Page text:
If a firm is unable to meet its servicing commitments due to a lack of resource, then action would need to be taken. This may be to increase relevant resources so they are able to complete the reviews. Alternatively, the firm could consider alternative servicing arrangements for relevant client groups, bearing in mind that simply disengaging with them may not be in line with TCF or the client’s best interests. Fundamentally however a firm should not continue to receive ongoing advice fees if it is not providing the commensurate service in return.

Other services

You should ensure that any other commitments within your service agreement are being delivered. If the client has signed an agreement that promises quarterly newsletters, for example, then these need to be provided.

Delivering value

The rules regarding adviser charges are clear. Among other things, these state that:

  • In determining its charging structure and adviser charges a firm should have regard to its duties under the client's best interests rule (COBS 6.1A.13); and
  • To meet its responsibilities under the client's best interests rule and Principle 6 (Customers’ interests): a firm should consider whether the personal recommendation or any other related service is likely to be of value to the retail client when the total charges the retail client is likely to be required to pay are taken into account (COBS 6.1A.16).

Pricing of services is a commercial consideration for each firm to decide. The FCA highlighted in the RDR and FAMR evaluation their concerns about price clustering, noting that 80% of clients are charged ongoing fees of 0.5%, 0.75% or 1%. It also noted how a charge at 1% typically does not have noticeably different features to one charged at 0.5%. Advice fees and overall costs have been a focus of much FCA activity recently, including their DB work and the RDR/FAMR evaluation. It may be expected that ongoing advice fees will feature in the FCA’s Assessing Suitability Review 2, which has been put on hold due to COVID-19. All of which serves to highlight the importance of being able to demonstrate that value is being provided for the associated fee.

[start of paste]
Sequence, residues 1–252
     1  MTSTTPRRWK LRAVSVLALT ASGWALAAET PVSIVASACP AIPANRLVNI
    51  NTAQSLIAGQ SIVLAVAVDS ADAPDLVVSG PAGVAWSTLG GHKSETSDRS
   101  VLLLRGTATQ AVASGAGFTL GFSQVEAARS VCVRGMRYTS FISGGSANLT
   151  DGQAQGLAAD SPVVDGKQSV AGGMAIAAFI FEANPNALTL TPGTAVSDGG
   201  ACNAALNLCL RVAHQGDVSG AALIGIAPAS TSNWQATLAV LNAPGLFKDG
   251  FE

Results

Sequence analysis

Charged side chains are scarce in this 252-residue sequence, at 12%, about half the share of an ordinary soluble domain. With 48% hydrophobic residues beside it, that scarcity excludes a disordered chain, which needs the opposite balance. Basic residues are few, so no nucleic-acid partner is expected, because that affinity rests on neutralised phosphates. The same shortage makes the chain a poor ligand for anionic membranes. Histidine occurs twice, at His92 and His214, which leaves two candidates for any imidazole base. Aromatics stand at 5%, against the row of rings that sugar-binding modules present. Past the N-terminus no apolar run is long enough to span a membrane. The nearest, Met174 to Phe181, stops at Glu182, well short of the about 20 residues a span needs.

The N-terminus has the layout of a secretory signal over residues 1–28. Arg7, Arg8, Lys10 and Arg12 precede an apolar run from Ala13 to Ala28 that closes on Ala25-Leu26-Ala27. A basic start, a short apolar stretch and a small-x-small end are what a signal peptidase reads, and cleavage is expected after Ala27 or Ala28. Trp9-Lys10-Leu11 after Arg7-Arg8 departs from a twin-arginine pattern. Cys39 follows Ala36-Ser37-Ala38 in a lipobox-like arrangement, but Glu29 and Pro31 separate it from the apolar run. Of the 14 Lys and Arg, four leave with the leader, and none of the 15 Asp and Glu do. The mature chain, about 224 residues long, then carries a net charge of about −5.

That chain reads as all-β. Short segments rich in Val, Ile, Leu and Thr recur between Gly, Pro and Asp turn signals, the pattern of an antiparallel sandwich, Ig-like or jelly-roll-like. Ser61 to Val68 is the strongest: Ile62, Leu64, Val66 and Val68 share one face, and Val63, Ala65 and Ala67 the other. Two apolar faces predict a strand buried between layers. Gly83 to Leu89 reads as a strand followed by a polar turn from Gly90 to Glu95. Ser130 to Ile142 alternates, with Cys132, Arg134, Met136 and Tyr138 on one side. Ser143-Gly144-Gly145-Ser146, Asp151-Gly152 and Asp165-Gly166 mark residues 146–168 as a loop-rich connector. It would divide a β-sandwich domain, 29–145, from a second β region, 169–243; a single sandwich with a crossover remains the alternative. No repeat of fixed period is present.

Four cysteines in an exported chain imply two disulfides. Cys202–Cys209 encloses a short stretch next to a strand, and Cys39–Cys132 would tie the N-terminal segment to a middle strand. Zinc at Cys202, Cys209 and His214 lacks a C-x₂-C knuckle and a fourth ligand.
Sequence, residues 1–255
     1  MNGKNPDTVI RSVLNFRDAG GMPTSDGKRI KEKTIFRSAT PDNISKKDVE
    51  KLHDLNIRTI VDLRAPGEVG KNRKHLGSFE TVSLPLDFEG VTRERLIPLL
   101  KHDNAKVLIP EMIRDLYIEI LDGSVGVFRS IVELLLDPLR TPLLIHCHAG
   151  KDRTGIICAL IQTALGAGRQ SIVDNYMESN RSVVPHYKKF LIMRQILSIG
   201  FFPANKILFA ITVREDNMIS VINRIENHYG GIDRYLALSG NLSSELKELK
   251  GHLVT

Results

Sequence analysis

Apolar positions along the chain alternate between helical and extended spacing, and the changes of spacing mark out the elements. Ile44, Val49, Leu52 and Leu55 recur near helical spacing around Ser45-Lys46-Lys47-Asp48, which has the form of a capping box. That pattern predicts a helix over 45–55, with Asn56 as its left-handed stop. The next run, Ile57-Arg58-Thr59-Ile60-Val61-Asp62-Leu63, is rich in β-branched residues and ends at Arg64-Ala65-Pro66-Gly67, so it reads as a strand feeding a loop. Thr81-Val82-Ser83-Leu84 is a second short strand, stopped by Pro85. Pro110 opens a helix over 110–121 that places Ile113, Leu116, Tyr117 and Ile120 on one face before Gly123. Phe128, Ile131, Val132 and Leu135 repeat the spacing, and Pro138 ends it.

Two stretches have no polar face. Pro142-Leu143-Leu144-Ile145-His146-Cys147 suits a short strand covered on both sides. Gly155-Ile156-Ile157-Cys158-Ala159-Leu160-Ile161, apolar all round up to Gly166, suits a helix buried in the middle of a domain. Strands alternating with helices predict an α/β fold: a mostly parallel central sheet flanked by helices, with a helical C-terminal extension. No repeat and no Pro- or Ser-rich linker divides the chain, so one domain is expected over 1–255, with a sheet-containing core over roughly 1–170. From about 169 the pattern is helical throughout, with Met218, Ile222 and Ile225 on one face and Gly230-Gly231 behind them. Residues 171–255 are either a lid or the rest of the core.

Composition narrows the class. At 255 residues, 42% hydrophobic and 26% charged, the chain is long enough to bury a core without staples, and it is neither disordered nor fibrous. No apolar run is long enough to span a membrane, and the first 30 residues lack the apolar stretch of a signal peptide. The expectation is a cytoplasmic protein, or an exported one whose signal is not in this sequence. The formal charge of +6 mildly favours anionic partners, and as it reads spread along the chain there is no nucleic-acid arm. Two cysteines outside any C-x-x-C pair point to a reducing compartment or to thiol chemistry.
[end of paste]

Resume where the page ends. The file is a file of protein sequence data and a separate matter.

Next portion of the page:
Demonstrating value is likely to require three considerations:

  • Are services actually being delivered?
  • Are the services that are being provided what were originally promised?
  • Are the services appropriate for the client segment?

In relation to the last point, product governance is covered in the PROD section of the handbook.

PROD 1.1.3 identifies that:

good product governance should result in products that:

  • meet the needs of one or more identifiable target markets;
  • are sold to clients in the target markets by appropriate distribution channels; and
  • deliver appropriate client outcomes.’

You should be able to show what your client’s value in the services you provide, that there is clarity on what will be provided and that ongoing services are appropriate for their needs. Pricing should be fair and reasonable. The FCA would expect firms to be able show that they have completed a genuine assessment of the costs of providing a service, and that the resulting fees deliver value for money for clients. A charging structure that has been chosen because ‘That’s what other firms charge’, or even because ‘That’s how much I can get away with charging’, is unlikely to meet FCA and client’s best interests requirements.

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It is clear that providing ongoing servicing is a critically important area. Shortcomings run the risk of dissatisfied clients and regulatory censure. Ultimately, if a client is paying for a service, but they do not receive that service, firms will need to look at repaying fees.

You should regularly review your firm’s provision of ongoing services and charging structures to ensure they underpin both your firm’s profitability and client understanding of value. It is not unusual for an effective charging structure and service model to evolve over time.

We can assist firms in in assessing the extent to which they are fulfilling their commitments under ongoing service agreements. We can review client segmentation, service agreement design, and implementation. Focused file reviews can be completed to assess how review requirements are being completed in practice. We can provide a full report on findings with detailed recommended actions.

For professional adviser use only